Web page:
Over the past year I’ve had the privilege to facilitate the vision of Drs. Sachiko Kuno and Ryuji Ueno and their S & R Foundation in Washington DC, at two of the most remarkable historic estates in Georgetown.
In 2011, the couple purchased the Evermay Estate and Halcyon House, two of the most beautiful estates in Georgetown, setting the community abuzz and thrusting the Drs. into the local celebrity spotlight. “We did not intend to make ourselves very public people,” Dr. Kuno explained. Because of the rich history and public admiration of the houses, the doctors have taken it upon themselves to preserve the buildings and their history, and it’s hard not to admire them for their efforts. Both homes are of the Federal period; Halcyon circa 1787, Evermay 1801.
Dr. Kuno knew Evermay had been on the market a long time, but the initial asking price, $49 million, was prohibitive—the highest on record for a private home in DC. Recently, though, she had Googled it and learned that the price was down by half, and now here they were with a dream at hand. “Everything was beautiful,” she recalls. “We decided there in the garden that we would buy Evermay.” Seller Harry Belin accepted their offer of $22 million. Like Evermay’s, Halcyon’s asking price had started at $30 million. But three years later and well into the recession, its price was dropping too. By fall 2011, it was down to $15 million.
In the beginning, S&R Foundation’s mission was grounded in its support of talented artists and scientists involved in work for charitable, scientific, literary or educational purposes. Over the past 13 years, S&R’s mission to support talented individuals has evolved to encompass broad support of individuals with great potential and high aspirations in the arts, sciences and social entrepreneurship, with a special emphasis on furthering international cultural collaboration and ensuing social benefits. It was Dr. Ueno’s musical upbringing that led the doctors to seek out a way to skillfully combine the arts and sciences. To accomplish this goal, the houses serve different functions, fulfilling the various missions of the Foundation.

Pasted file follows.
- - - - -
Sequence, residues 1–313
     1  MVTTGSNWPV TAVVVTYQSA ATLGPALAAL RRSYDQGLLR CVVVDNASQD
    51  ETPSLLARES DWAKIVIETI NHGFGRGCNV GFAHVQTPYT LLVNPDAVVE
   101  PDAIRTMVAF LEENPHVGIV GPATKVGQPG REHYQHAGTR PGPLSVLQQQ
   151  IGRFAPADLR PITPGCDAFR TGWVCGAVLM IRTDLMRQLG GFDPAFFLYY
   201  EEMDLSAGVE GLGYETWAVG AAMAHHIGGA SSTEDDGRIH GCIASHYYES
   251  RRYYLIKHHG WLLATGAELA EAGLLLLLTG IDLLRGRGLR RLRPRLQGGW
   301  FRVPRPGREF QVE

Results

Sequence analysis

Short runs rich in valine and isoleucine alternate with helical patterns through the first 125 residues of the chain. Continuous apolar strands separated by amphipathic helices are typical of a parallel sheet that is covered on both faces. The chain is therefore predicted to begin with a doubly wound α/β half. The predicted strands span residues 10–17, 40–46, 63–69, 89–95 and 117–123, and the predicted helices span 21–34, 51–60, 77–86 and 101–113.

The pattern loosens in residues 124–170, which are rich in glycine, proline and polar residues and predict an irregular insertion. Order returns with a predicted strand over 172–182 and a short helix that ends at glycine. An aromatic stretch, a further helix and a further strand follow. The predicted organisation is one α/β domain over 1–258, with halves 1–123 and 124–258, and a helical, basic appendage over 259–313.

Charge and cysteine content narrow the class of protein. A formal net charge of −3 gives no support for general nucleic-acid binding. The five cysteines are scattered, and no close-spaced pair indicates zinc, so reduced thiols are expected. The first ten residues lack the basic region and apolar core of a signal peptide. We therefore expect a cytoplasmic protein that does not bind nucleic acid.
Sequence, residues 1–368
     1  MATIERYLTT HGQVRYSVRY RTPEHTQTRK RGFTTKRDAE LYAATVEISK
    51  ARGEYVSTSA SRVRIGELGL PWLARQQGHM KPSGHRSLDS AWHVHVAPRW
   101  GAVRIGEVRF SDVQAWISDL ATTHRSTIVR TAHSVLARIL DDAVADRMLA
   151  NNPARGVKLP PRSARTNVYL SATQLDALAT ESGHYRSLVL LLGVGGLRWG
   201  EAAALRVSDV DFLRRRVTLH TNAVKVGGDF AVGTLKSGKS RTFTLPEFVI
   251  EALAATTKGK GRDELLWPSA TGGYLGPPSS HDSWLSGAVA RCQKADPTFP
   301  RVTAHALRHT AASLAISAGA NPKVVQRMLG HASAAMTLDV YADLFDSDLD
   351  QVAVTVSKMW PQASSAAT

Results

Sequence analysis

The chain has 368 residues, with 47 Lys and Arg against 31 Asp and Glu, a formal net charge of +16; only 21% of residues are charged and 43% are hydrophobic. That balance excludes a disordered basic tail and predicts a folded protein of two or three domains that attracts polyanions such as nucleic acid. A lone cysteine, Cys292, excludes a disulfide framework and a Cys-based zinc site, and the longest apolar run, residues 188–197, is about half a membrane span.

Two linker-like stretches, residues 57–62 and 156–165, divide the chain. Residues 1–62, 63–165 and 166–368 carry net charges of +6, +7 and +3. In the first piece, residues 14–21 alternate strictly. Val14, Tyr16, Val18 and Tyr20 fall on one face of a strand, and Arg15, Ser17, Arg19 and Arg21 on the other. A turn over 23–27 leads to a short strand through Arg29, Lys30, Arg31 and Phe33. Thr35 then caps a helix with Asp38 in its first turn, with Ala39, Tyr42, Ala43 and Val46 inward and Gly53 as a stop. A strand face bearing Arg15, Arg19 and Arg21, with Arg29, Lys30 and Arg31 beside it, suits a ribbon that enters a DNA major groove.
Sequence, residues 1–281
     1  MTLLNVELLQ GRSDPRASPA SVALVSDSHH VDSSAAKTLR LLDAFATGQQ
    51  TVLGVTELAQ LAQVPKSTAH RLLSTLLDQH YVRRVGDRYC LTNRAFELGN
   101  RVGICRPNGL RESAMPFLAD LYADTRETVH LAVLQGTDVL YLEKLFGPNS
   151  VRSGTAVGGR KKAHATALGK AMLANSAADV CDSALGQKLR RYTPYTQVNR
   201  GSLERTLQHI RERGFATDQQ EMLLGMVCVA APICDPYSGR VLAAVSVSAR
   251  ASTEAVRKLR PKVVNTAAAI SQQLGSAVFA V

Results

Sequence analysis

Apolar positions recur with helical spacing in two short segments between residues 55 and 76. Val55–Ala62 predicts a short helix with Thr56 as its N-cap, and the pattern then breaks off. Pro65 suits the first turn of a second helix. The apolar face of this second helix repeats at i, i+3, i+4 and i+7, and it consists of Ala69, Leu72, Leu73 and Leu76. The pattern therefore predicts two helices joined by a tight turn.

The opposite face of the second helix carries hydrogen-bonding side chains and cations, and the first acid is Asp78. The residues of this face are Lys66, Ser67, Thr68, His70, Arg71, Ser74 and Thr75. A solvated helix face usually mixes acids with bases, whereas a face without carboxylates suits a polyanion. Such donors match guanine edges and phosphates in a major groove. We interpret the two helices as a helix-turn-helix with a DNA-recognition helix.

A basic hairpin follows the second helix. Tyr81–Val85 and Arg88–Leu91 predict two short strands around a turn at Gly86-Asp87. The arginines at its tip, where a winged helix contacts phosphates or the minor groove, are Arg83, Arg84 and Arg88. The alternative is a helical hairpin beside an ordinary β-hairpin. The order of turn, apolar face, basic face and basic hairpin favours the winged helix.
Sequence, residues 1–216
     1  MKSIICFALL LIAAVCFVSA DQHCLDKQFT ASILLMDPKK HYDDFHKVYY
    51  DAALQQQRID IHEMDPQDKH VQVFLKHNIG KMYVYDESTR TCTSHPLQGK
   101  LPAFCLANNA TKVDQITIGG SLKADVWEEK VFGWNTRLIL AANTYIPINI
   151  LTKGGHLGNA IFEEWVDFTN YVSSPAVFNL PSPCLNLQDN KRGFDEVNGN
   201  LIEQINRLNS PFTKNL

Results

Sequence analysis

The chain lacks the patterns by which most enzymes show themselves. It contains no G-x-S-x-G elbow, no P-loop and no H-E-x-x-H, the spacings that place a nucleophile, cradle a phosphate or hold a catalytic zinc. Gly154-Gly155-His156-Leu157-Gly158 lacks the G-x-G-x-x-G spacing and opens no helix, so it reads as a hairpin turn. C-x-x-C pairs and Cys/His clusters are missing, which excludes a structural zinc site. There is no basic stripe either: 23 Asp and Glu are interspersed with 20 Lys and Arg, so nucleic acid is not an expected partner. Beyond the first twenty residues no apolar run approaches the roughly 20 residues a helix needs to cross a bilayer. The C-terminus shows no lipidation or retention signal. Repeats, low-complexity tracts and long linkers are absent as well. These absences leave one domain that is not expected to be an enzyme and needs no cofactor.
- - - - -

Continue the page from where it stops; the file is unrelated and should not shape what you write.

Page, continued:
Evermay plays host to the artists. It’s currently home to the Evermay Chamber and the Evermay Chamber Orchestra, and weekly classical concerts dubbed ‘The Overtures Series’. The Chamber, made up of nine artists from five continents, performs for different seasons and concerts in the DC area, while calling the 9 bedroom, 22,000 square foot estate home. In addition, the Evermay Chamber has entered partnership with the Washington Ballet—a passion of Dr. Ueno’s. Having been without live music for quite some time, the Washington Ballet is teaming up with the Chamber to perform Swan Lake in April 2015. During the Chamber weeks, the house is full of great food, wonderful conversation, music, and a sampling of Dr. Ueno’s diverse wine collection.
With such tremendous success in fostering musical and artistic talent, the Foundation is now beginning to focus heavily on social entrepreneurship. After an extensive multi-million dollar renovation, Halcyon House will serve as the base for the S&R Foundation’s new incubator program, whose first class began in September. For the Halcyon Incubator, the Foundation has set three main goals: to support talented individuals, to move the needle on 21st century social challenges, and to help catalyze Washington, DC as the center for social enterprise start-ups.
The idea was inspired by Dr. Kuno’s student year abroad. While working on her PhD, Kuno, now 59, spent a year in Munich, where she had access to professors, all the resources of a university and a huge, beautiful garden to relax in. “As a young scientist and student, I was very much impressed and helped by them, it was a life-changing experience for me.” Instead of giving scholarships to young entrepreneurs, she wanted the Halcyon Incubator to replicate her hands-on experience in Munich: Sharing time and space with other bright young people from different fields, away of the daily demands of work and habits. “I think it is a special opportunity to separate from the everyday”.
Evermay and Halcyon have a tremendous impact on the Foundation’s projects and the people who work on them. Dr. Kuno explained, “Sharing time and space always give us some inspiration, as a scientist or as an artist…I am a believer that Evermay and the Halcyon house, these types of buildings, have some sort of power to give inspiration.”